ticularly the agricultural ones like Silesia, have formed semiofficial
associations. There are now 30 or more authorized associations listed
in the appendix.


One of the most important things to be noted in connection with
the reeducation of the war cripple is the attitude of the men them-


selves. The nature of the patriotic appeal made to them and their
own published testimony leads one to believe that there is great una-
nimity and docility among them. The whole spirit of the country
would appear to be at such a high patriotic tension that a measure
like reeducation which is urged on patriotic grounds can be certain
of support from every individual.

Since, however, most of the cripples to be reeducated come from the
working classes, which are the least in accord with the general spirit,
there is evident among them a certain amount of unrest and dissent.
Pastor Ulbrich, an experienced worker and head of one of the oldest
cripples' homes, stands out against the claim that the injured man will
go back to work as though nothing had happened. He feels that the
idea of recompense for what they have gone through is becoming
firmily rooted in the returned cripples, fostered by popular sympathy,
and that after the war the country must beware of a Heldenpartei
(hero party), composed of returned soldiers, who will insist on con-
cessions from the Government.

Slight indications of something of the sort are already evident.
In June, 1916, there was founded at Hamburg the Bund Deutscher
Kriegsbeschadigten (German War Cripples' Union). Its object was
announced to be merely mutual assistance and fellowship. 97 Other
smaller organizations sprang up in different parts of the country and
the papers began to accuse them of socialist sympathies. It was these
unions which conducted an investigation in the Rhine Province to
prove the inadequacy of pensions and which maintain an office in
Berlin from which a petition for higher pensions was circulated.

The interests of these unions have been growing more and more
political. In November, 1917, the Berlin union came to an open
breach with the Pan-German party over the matter of a negotiated
peace. The Pan-German party, in its propaganda for peace by con-
quest only, had been citing the sufferings of the war cripples and,
urging the country to fight to the end in order to avenge them and
to carry on their work. The Berlin Verband der Kriegsbeschadigten
und ehemahlige Kriegsteilnehmer (Union of War Cripples and War
Veterans) called a meeting to protest against this action of the Pan-
German party.

"The speaker," says Vorwarts, "stood emphatically against the
attempt of the Pan-Germans to entrap the veterans and war cripples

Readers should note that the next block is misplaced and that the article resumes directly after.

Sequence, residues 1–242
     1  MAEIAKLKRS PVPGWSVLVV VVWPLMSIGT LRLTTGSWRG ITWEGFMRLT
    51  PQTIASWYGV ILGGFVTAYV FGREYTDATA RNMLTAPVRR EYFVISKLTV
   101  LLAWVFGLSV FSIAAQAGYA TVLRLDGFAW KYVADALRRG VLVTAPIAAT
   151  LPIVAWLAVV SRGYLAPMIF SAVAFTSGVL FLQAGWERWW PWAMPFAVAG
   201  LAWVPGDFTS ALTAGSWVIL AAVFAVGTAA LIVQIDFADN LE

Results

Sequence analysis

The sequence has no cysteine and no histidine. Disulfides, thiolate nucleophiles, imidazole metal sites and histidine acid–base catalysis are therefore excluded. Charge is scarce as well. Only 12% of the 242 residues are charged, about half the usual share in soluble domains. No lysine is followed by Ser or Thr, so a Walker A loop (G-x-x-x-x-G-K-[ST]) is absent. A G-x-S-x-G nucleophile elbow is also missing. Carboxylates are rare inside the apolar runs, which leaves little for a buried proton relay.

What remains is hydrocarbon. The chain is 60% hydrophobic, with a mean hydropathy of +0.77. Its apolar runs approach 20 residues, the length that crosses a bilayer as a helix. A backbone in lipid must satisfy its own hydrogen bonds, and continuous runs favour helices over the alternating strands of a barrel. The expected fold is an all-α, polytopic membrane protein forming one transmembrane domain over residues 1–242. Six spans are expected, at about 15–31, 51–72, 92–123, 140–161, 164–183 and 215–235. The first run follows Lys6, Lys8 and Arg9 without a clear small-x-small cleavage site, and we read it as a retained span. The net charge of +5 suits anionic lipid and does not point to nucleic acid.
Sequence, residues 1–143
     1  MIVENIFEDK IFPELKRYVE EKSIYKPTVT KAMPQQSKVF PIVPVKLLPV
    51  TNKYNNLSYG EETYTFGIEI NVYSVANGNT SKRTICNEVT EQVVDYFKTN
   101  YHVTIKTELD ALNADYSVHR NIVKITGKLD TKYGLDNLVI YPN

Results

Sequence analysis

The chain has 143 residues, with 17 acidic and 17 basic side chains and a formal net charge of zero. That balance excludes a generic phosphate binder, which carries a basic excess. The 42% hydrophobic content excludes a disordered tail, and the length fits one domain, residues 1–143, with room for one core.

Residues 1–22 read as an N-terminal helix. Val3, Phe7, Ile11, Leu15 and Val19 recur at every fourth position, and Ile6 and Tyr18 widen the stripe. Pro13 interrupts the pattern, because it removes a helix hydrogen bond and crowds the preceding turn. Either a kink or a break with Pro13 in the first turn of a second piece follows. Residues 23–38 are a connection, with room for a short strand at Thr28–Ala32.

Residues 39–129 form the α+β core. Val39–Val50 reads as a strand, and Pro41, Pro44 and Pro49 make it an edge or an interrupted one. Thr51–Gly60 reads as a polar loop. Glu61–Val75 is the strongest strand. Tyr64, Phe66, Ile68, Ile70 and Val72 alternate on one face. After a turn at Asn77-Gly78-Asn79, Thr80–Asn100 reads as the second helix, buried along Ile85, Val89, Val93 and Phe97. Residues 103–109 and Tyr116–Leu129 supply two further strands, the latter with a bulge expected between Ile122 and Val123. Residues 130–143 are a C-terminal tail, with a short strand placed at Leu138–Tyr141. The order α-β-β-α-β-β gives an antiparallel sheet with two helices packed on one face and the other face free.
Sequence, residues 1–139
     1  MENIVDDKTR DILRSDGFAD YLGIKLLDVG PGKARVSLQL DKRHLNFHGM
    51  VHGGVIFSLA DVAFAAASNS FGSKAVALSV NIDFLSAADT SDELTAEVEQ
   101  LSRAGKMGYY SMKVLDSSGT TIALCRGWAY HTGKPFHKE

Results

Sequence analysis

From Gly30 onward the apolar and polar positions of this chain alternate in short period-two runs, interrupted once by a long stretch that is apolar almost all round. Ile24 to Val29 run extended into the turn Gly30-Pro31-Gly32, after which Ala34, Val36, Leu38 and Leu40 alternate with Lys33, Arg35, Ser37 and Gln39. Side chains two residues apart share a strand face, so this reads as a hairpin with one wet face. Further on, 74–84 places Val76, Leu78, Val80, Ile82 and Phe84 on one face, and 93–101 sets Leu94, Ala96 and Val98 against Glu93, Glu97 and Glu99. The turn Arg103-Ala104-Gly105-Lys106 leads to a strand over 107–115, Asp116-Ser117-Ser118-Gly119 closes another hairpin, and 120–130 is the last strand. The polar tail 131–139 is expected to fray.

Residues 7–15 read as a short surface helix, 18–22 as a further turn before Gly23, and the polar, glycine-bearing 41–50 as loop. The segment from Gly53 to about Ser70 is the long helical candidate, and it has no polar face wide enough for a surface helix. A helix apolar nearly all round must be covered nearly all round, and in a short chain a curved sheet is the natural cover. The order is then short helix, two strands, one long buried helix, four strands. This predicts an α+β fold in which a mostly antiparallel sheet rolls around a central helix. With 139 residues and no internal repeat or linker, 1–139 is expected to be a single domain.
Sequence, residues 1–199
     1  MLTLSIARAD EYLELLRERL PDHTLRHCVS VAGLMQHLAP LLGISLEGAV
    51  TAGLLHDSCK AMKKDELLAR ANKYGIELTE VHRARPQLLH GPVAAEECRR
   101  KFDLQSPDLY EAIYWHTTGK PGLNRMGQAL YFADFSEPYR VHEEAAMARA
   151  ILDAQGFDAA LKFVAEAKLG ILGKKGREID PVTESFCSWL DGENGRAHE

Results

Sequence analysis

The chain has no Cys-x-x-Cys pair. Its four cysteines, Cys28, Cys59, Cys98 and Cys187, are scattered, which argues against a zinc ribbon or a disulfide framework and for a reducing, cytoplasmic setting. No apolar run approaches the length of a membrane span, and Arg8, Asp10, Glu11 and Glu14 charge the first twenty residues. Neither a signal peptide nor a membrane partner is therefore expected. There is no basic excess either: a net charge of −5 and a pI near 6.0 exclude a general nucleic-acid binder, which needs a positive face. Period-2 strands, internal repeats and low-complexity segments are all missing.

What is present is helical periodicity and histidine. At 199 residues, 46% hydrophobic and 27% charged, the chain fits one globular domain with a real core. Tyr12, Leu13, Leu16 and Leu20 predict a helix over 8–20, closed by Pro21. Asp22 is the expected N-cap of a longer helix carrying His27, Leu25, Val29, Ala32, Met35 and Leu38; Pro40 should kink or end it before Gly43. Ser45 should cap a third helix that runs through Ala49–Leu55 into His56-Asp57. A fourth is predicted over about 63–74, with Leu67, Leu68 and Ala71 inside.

by promising them a share of the booty. Instead of that, he de-
manded that the social program of the union of war cripples be
adopted and that all veterans should have full voting privileges."

At the close of the meeting, the following resolution was adopted :

We, over a thousand war cripples and veterans, In meeting assembled, men
who have risked in support of Germany our health and our lives, deny to mem-

« Zeitschrift fiir Kriippelfilrsorge, Leipzig, 1917, x, 238-239.


bers of the German " Fatherland Party " the right to arrogate to themselves a
special measure of love for our country. We protest against their quoting
the veterans in support of their aims of conquest. We demand an early
negotiated peace as soon as this may be done without injury to the nation. We
demand that all class privileges be laid aside. We demand special provision
for those who have sacrificed themselves at the front. (Berlin, Vorwarts,
Nov. 12, 1917.)


I. General Principles.

1. Vocational advice is the duty of civilian agencies for care of war cripples.

2. These agencies should undertake vocational advice for each cripple as a
regular part of their duties, whether requested or not.

3. Vocational advice must begin as early as possible. If it has to be delayed
until a man is discharged from hospital or from the army, its usefulness is much

II. Preparatory Measures.

4. The hospital staff can assist by preparing the patient's mind.

5. Vocational advice is best undertaken in a man's home district. Men should
be transferred as soon as possible to the hospital of their home district and the
local care committee should take up the matter of advice.

6. Within the territory covered by any care committee there should be a cen-
tral office for vocational advice.

• 7. Trade and agricultural schools for cripples should be organized in every
district and the bureau for vocational advice should work in close cooperation
with these. „-

III. Organization of Bureaus fob Vocational Advice.